6. House flies are on an all-liquid diet

House flies have sponge-like mouthparts, which are good for soaking up liquefied substances but not for eating solid foods. So, the house fly either seeks out food that is already in puddle form, or it finds a way to turn the food source into something it can manage. This is where things get kind of gross. When a house fly locates something tasty but solid, it regurgitates onto the food (which may be your food, if it's buzzing around your barbecue). The fly vomit contains digestive enzymes that go to work on the desired snack, quickly predigesting and liquefying it so the fly can lap it up.

7. House flies taste with their feet

How do flies decide something is appetizing? They step on it! Like butterflies, house flies have their taste buds on their toes, so to speak.

Taste receptors, called chemosensilla, are located at the far ends of the fly's tibia and tarsa (in simpler terms, the lower leg and foot). The moment they land on something of interest – your garbage, a pile of horse manure, or perhaps your lunch – they start sampling its flavor by walking around.

8. House flies transmit a lot of diseases

Because house flies thrive in places that are teeming with pathogens, they have a bad habit of carrying disease-causing agents with them from place to place. A house fly will land on a pile of dog poop, inspect it thoroughly with its feet, and then fly over to your picnic table and walk around on your hamburger bun for a bit. Their food and breeding sites are already overflowing with bacteria, and then they vomit and defecate on them to add to the mess. House flies are known to transmit at least 65 diseases and infections, including cholera, dysentery, giardiasis, typhoid, leprosy, conjunctivitis, salmonella, and many more.

9. House flies can walk upside down

You probably knew that already, but do you know how they perform this gravity-defying feat? Slow motion video shows that a house fly will approach a ceiling by executing a half roll maneuver, and then will extend its legs to make contact with the substrate. Each of the house fly's legs bears a tarsal claw with a sticky pad of sorts, so the fly is able to grip almost any surface, from smooth window glass to a ceiling.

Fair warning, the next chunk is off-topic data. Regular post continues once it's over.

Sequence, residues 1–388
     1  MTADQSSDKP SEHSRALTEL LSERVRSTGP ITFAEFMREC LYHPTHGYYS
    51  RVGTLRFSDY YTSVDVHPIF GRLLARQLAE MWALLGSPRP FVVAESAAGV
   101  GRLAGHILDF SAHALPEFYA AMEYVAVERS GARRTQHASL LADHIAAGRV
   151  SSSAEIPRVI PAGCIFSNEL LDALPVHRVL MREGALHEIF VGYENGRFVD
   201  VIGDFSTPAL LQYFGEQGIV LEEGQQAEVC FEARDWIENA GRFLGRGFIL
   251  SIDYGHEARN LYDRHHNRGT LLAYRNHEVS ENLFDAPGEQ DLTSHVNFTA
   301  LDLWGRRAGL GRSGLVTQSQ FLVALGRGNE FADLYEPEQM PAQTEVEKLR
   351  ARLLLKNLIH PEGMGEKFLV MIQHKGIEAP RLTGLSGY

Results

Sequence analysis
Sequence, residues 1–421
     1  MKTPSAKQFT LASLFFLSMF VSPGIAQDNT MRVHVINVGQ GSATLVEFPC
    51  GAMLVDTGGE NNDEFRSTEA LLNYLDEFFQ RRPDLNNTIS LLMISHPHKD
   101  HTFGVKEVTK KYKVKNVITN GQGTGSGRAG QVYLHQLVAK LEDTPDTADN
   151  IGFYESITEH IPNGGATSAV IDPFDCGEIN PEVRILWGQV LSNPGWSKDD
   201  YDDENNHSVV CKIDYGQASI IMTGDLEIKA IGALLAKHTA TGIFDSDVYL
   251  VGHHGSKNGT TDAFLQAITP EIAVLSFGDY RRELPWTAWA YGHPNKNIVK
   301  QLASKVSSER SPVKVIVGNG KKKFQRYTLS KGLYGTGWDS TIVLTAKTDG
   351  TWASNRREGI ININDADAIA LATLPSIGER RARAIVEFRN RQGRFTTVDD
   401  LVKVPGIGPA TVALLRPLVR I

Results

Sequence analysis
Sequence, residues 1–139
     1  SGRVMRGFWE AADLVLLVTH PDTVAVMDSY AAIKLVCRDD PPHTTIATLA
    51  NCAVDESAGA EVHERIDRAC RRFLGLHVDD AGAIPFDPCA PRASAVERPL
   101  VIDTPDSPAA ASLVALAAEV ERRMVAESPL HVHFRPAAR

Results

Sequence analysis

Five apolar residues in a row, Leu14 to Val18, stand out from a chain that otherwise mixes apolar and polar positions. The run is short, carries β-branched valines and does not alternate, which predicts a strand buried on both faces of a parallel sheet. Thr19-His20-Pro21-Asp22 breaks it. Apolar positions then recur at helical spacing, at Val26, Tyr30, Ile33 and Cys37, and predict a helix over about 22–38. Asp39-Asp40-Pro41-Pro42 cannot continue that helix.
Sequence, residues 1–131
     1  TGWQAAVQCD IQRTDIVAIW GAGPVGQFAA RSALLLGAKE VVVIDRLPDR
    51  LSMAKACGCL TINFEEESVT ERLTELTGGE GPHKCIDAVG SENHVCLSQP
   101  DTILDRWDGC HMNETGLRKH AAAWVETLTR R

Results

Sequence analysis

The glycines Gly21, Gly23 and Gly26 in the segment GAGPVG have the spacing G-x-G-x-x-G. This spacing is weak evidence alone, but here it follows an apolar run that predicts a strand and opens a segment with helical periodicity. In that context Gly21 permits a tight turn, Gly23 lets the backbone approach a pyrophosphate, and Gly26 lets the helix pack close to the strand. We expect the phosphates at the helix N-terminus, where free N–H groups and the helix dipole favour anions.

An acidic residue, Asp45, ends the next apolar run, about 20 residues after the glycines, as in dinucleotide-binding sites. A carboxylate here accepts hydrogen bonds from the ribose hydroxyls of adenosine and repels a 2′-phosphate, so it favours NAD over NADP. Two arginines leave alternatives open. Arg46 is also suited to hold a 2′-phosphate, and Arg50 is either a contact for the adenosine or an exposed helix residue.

10. House flies poop a lot

There's a saying, "Never poop where you eat." Sage advice, most would say. Because house flies live on a liquid diet (see #6), things move rather quickly through their digestive tracts. Nearly every time a house fly lands, it defecates. So in addition to vomiting on anything it thinks might make a tasty meal, the house fly almost always does poop where it eats. Keep that in mind next time one touches down on your potato salad.

 

Sources:

  • The Encyclopedia of Entomology, 2nd edition, edited by John L. Capinera.
  • Encyclopedia of Insects, 2nd edition, edited by Vincent H. Resh and Ring T. Carde.
  • Vector Control: Methods for Use by Individuals and Communities, by Jan A. Rozendaal, World Health Organization.
  • Physician's Guide to Arthropods of Medical Importance, 6th edition, by Jerome Goddard.
  • Elements of Entomology, by Dr. Rajendra Singh.
  • "Time Flies, a New Molecular Time-Scale for Brachyceran Fly Evolution Without a Clock," in Systematic Biology, 2003.